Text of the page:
Most of these studies suggest that the phone needs to be put away. However, it does benefit if you use it correctly. Most productivity experts recommend taking short breaks, as in the famous Pomodoro technique. Cut Through With These Pomodoro Tech Apps & Software Cut Through With These Pomodoro Tech Apps & Software Carry-over is a disease that affects students and workers in all parts of the world and everywhere it infects amateurs and professionals alike. As a writer, I suffer from procrastination every day. Some people ... Read More You'll be happy to know that scientists say using your phone during these breaks is a good thing.
"By interacting with friends or family on a smartphone or playing a quick game, we found that employees can take a break from stress to refresh their thoughts and take a break," says Sooyeol Kim, a psychology student who conducted the research at Kent State University.
Kim's study shows that employees spend an average of 22 minutes in an eight-hour working day on their smartphones. It is therefore in the company's interest to encourage these short breaks. Plus, the employees who took these breaks were happier at the end of the day.
The good news: Forget about cancer, low fertility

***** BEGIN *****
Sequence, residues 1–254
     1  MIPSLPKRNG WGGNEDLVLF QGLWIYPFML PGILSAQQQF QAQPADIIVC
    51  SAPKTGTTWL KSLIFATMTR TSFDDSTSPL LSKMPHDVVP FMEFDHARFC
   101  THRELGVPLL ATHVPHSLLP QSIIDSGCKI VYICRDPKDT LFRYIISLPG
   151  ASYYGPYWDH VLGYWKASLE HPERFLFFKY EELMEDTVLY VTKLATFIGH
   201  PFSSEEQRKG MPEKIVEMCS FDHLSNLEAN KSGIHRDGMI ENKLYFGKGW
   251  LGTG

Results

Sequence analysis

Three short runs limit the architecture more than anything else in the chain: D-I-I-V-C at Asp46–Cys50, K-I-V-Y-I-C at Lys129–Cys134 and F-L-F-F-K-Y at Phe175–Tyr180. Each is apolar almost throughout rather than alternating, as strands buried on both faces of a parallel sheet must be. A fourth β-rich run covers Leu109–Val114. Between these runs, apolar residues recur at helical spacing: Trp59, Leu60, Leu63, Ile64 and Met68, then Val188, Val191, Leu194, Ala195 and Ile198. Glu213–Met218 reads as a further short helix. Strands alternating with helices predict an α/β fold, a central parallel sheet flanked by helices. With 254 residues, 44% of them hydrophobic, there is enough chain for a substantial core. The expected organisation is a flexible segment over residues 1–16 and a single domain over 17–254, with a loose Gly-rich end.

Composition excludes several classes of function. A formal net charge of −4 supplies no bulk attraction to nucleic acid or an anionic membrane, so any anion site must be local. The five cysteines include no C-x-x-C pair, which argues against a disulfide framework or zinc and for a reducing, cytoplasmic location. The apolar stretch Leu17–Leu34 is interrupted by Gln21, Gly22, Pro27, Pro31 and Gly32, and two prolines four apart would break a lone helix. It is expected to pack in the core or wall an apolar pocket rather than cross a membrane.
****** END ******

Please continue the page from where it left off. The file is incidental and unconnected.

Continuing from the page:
There are two prevalent terms related to the use of cell phones. First, that the radiation in cell phones can cause cancer, especially in the head and neck area. Second, that the low electromagnetic fields decrease male fertility. Well, it's time to debunk both myths.
After studying the effects of cell phones on people who have used them for 20 years, data on cancer cases in those and before and those years were analyzed and several factors were considered to ensure that the uncertainty is as low as possible, according to the Scientists say smartphones can't cause any of these health problems. Here is an excerpt from the study by the Norwegian Institute of Public Health:
The group found no evidence that the low fields around cell phones and other transmitters increase the risk of cancer, impair male fertility, cause other reproductive harm, or lead to other diseases and health impairments, such as: B. Changes in the endocrine system and immune system.
Are you concerned about the effects of your smartphone?
All the information here is what the best scientific minds have known since January 2015. But things change, new discoveries are made over time. Right now what worries you about how your smartphone is going to affect your body or mind?
Photo credits: Andy Rennie, B. Rosen, M01229, Kenneth Hansraj, Johan Larsson, Geralt, Geralt (2), Jeshoots
Learn more about: addiction, health, technology.